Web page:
I’m inspired by Meghan at Expecting the Unexpected today. Some of you may have seen the series of photos that seem to have gotten popular lately of women before and after having their babies. The first photo is usually a maternity photo with a big, pregnant belly, and the second photo is the same as the first, but re-staged with the baby where the belly was months prior. To most people, these pictures are adorable. Brutal honesty: I resent the hell out of these pictures. I don’t ever seek them out, but they pop up in my newsfeed on facebook or in random places around the internet from time to time. Sometimes I wonder if feeling bitter at these types of things is something I should work on, but that’s an issue for my therapist and future me to work on.
Meghan made her own set of before and after photos as a baby loss mama and issued a challenge of sorts for others to do the same. I had maternity photos taken while I was pregnant, but I was so darn excited about this that I used a cell phone picture Zach took during the Georgia snowpocalypse and recreated it when I got home from work last night, so forgive the cell phoney quality. I may recreate my maternity photos later on because I think it would be neat to have ones with Zach included, especially the ones where he’s holding Owen’s little dinosaur shoes on my belly.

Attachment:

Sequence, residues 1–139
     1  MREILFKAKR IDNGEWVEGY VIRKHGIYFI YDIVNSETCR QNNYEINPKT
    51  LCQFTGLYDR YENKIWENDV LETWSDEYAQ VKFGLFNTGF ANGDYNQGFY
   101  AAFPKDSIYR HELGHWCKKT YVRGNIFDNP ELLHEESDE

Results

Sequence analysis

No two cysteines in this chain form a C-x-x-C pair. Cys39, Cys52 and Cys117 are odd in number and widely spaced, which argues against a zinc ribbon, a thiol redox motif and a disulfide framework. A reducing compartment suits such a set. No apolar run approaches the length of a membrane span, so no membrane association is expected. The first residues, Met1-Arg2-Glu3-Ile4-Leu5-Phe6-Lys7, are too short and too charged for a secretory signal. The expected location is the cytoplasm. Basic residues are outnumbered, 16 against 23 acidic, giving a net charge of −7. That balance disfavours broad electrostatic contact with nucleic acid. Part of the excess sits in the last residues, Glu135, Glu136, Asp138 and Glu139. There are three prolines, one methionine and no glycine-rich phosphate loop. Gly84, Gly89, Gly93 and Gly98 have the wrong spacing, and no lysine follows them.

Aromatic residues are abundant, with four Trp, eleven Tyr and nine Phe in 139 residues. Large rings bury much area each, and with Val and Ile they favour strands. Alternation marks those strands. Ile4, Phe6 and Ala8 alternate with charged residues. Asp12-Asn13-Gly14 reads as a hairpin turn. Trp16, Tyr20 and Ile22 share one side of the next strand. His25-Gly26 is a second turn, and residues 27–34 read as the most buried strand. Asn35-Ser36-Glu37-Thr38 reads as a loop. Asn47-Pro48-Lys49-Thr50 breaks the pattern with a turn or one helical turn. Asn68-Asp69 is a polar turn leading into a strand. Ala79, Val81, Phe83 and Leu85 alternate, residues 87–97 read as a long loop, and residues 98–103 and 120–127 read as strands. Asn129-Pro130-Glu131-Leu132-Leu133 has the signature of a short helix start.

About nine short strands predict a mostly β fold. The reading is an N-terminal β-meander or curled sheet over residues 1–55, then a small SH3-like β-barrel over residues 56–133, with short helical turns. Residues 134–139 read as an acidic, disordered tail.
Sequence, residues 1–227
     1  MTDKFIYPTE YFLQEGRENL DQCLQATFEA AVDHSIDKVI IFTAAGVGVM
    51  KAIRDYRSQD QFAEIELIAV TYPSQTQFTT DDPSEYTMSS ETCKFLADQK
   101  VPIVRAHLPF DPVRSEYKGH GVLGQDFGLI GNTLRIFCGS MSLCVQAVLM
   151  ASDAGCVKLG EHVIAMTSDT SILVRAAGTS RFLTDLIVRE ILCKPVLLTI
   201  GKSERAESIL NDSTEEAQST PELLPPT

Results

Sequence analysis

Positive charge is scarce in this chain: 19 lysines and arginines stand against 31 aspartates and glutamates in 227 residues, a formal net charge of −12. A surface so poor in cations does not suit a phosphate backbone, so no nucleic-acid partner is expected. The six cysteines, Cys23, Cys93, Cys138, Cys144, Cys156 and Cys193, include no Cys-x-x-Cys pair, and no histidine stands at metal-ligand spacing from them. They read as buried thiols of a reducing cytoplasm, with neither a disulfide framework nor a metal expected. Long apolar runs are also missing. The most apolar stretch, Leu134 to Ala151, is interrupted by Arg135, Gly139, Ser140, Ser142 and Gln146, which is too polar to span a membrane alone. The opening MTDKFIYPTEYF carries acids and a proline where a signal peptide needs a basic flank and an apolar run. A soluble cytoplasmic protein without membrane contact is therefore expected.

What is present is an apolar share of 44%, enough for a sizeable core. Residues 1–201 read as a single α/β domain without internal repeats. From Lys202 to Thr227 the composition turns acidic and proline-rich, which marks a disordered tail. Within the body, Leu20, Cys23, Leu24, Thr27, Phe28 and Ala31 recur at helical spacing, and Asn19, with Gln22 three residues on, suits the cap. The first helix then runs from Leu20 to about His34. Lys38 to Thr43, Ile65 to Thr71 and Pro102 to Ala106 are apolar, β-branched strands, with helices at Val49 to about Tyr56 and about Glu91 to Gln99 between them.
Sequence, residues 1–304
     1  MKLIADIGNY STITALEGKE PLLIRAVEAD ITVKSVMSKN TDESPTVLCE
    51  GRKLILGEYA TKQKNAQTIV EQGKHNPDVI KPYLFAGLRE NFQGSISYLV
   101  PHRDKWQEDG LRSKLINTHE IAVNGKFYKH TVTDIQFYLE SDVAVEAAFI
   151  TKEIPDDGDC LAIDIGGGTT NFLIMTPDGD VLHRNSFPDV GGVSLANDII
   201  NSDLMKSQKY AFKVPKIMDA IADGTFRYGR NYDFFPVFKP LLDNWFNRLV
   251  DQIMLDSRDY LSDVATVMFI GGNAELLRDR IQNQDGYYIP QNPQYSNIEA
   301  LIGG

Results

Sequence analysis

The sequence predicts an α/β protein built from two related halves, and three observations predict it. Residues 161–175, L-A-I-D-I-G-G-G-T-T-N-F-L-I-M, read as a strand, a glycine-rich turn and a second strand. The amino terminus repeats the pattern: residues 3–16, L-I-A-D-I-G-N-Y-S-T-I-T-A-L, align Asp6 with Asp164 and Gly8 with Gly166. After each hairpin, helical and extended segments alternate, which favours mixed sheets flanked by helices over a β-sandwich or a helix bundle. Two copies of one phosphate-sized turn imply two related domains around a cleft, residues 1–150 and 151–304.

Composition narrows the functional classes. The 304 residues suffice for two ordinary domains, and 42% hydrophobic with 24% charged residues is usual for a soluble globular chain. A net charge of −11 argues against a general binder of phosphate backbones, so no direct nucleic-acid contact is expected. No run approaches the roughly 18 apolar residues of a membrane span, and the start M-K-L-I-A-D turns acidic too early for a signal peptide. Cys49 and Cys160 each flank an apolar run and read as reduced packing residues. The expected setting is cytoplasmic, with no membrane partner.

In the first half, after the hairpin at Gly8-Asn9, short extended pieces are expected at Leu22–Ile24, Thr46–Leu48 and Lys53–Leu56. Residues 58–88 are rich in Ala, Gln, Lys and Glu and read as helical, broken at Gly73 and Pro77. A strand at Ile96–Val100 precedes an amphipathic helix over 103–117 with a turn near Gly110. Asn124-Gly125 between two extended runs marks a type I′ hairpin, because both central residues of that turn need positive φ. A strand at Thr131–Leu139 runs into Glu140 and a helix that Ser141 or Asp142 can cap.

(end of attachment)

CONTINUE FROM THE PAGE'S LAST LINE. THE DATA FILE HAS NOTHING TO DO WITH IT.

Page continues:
Putting on my old maternity clothes was not as emotional as I thought it would be, but looking at that old picture was. During all of this snow, I remember talking to Owen about it–how fun snow in Georgia is, how it shuts the whole city down. I wrote his name in the snow and took a picture, thinking that if he lived I could show him he had gotten to enjoy the snow in-utero and if he died, well…I had proof that we had always included him, always loved him.
I loved recreating this picture. While I haven’t seen very many of the slide shows Meghan linked to on her blog yesterday, I had assumed that some of them included empty-armed mothers like us. Surely, there was some acknowledgement that there are women who carry their children but don’t bring them home. Apparently, there wasn’t, so here’s to us.